Tuesday, April 14, 2020

Recoloring NoIR images on the Raspberry Pi with OpenCV

Not too long ago I've been gifted a Raspberry Pi camera, after taking some pictures I realized that it produced very weird colors and I discovered that it was a NoIR camera! It means that it has no infrared filter and that it can take pictures in the darkness using an infrared LED. Since I never found an application that required taking pictures without proper lighting I started wondering if I could recolor the images processing them with some Python magic. While it's clear that the problem is ill posed, once the camera takes a picture sensing the wrong colors, the original colors are lost. It's also true that it's possible to transfer the coloring from one image to another. This, old but gold, paper shows a technique that is simple enough to be implemented on a pi. Hence, the idea to create a script that recolors the images from the NoIR camera using the colors from images taken with a proper infrared filter.

Here are the elements I gathered to start experimenting:
  • A nice implementation of the color transfer algorithm, easy to install and run on the pi.
  • An installation of OpenCV on the pi. It's possible to have a fully optimized OpenCV installation for your pi building it from the source but for this project it's okay to install the library from binaries (this command will do the trick: sudo apt-get install python-opencv).
  • A camera stand that I built myself recycling the components of an unused usb fan.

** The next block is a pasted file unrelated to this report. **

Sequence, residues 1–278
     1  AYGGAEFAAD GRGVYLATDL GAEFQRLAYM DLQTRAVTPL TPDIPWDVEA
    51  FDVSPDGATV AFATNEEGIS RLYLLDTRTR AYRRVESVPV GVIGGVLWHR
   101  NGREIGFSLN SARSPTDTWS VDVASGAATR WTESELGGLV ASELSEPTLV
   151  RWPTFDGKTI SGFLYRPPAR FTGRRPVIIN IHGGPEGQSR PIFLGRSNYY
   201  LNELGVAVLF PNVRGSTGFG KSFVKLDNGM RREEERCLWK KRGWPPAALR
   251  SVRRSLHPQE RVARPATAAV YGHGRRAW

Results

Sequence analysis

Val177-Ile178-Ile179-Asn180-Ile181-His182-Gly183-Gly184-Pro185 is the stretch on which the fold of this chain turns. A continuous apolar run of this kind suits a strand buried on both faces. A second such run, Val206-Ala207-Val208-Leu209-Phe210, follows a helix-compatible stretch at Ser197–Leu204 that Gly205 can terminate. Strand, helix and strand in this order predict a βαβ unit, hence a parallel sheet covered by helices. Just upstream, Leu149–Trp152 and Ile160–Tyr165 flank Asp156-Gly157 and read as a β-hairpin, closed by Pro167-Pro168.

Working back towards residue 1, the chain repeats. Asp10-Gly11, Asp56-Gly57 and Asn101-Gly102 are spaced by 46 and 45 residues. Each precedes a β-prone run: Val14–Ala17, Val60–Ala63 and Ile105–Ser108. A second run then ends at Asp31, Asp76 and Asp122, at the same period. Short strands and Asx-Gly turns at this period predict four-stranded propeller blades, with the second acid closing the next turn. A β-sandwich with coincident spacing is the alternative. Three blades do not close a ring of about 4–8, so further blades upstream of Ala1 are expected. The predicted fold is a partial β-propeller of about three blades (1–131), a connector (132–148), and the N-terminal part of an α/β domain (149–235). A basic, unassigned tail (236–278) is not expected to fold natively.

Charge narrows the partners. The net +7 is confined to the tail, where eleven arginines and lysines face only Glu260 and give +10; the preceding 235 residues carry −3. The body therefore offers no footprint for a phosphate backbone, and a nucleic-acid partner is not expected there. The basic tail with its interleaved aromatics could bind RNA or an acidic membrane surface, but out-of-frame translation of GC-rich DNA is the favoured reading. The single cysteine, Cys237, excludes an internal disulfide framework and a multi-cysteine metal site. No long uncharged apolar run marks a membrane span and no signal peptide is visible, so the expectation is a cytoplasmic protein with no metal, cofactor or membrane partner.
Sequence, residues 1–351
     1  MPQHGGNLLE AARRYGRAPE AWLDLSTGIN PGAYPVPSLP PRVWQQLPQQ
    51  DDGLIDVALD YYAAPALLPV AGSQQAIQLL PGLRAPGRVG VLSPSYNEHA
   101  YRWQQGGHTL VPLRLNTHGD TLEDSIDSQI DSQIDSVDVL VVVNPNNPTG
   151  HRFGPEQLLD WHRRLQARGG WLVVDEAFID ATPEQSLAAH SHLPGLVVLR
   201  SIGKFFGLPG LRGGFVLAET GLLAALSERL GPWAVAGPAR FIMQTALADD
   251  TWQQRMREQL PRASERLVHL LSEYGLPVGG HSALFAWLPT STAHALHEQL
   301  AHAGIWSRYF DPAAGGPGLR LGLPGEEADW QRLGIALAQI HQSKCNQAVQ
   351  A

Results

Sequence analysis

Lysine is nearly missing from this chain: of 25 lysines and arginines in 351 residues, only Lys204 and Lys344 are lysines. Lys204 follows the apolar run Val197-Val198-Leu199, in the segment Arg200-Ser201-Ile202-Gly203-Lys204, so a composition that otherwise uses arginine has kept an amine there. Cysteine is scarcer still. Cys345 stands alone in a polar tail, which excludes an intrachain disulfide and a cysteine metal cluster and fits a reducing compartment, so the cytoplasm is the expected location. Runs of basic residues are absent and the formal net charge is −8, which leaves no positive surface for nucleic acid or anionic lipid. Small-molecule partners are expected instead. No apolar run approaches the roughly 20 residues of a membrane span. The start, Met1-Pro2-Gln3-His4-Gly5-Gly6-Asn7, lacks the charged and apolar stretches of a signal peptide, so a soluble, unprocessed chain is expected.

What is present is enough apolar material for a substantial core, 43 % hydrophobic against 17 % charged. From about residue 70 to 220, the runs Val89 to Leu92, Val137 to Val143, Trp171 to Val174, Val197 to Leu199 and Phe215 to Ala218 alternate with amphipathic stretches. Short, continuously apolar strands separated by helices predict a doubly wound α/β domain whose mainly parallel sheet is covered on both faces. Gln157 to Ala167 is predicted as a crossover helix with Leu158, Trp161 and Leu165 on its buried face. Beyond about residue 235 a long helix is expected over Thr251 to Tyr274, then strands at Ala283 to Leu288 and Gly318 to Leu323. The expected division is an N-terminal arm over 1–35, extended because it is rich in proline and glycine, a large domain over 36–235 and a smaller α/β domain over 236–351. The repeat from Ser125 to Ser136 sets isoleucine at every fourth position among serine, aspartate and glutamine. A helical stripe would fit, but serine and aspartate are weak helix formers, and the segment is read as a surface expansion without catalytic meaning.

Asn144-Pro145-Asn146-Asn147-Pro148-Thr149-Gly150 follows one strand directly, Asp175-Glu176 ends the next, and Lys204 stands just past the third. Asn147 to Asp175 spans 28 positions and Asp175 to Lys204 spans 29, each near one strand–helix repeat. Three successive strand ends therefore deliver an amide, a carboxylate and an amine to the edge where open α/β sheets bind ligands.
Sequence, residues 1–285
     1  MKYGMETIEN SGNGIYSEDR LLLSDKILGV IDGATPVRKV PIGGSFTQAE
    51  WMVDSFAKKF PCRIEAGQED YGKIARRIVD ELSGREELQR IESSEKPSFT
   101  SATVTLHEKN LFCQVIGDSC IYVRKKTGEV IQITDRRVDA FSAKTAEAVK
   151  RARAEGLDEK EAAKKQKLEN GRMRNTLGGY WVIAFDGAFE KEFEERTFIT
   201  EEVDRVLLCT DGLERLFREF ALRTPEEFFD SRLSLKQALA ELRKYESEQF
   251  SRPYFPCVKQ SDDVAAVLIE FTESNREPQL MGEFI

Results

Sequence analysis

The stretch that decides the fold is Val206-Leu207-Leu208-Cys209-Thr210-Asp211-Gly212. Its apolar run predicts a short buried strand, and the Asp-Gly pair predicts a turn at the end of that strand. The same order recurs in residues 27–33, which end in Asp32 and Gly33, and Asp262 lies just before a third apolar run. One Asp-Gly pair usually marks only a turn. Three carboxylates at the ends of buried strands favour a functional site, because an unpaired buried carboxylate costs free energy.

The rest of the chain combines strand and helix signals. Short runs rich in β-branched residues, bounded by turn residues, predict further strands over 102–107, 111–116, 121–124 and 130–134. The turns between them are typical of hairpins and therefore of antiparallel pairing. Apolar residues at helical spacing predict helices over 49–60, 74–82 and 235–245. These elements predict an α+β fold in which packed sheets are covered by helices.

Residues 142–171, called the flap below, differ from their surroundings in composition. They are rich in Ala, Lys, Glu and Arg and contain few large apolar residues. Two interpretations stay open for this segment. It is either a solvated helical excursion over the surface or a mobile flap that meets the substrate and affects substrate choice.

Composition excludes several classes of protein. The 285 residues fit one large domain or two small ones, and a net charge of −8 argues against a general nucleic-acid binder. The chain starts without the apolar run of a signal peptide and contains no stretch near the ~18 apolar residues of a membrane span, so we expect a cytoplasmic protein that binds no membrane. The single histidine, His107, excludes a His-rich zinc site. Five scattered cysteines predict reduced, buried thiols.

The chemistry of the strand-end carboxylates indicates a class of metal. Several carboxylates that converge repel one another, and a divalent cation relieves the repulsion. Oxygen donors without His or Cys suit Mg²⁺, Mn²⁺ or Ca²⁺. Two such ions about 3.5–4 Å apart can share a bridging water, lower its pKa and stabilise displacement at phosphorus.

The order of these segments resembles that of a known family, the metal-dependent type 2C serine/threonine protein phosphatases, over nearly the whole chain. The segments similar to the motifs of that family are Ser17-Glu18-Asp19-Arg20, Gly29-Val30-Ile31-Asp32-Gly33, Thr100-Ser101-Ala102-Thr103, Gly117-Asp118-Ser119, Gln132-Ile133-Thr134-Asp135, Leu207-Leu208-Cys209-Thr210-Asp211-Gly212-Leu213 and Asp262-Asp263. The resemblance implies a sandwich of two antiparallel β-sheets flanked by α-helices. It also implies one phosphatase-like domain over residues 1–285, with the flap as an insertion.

The Python script to acquire and recolor the images turned out to be pretty compact:
from picamera.array import PiRGBArray
from picamera import PiCamera
from sys import argv
# get this with: pip install color_transfer
from color_transfer import color_transfer 

import time
import cv2

# init the camera
camera = PiCamera()
rawCapture = PiRGBArray(camera)

# camera to warmup

# capture
camera.capture(rawCapture, format="bgr")
captured = rawCapture.array

# import the color source
color_source = cv2.imread(argv[1])

# transfer the color
result = color_transfer(color_source, captured,
                        clip=True, preserve_paper=False)

cv2.imwrite(argv[2], result)
This script captures an image from the camera and reads another image, that will be the color source, from the disk. Then, it recolors the captured image and saves the result. The script takes in input two parameters, the color source and the name of the file in output. Here's an example of how to run the script on the pi:
$ python capture.py color_source.jpg result.jpg
Here are some samples pictures that were recolored. In each of the figures below there is the color source on the left, the image from the NoIR camera in the middle and final result on the right.

Here the source has vivid colors and the details are nice and sharp while the image from the NoIR camera is almost monochromatic. In the recolored image the color of the curtain and the wall were recovered, still the image has quite a low contrast.

This time the resulting image is much sharper and the resulting colors are more intense, even more intense than the source.

This result is particularly interesting because the NoIR image shows very nasty colors as there was quite a lot of sunlight when the picture was taken. Recoloring the image I could recover the green of some trees and the blue of the sky, however the walls and the ground got a greenish appearance while some plants look purple.

In conclusion, this turned out to be a fun experiment that also provided some encouraging results. Next step? Recoloring the images with, more modern, Deep Learning techniques.

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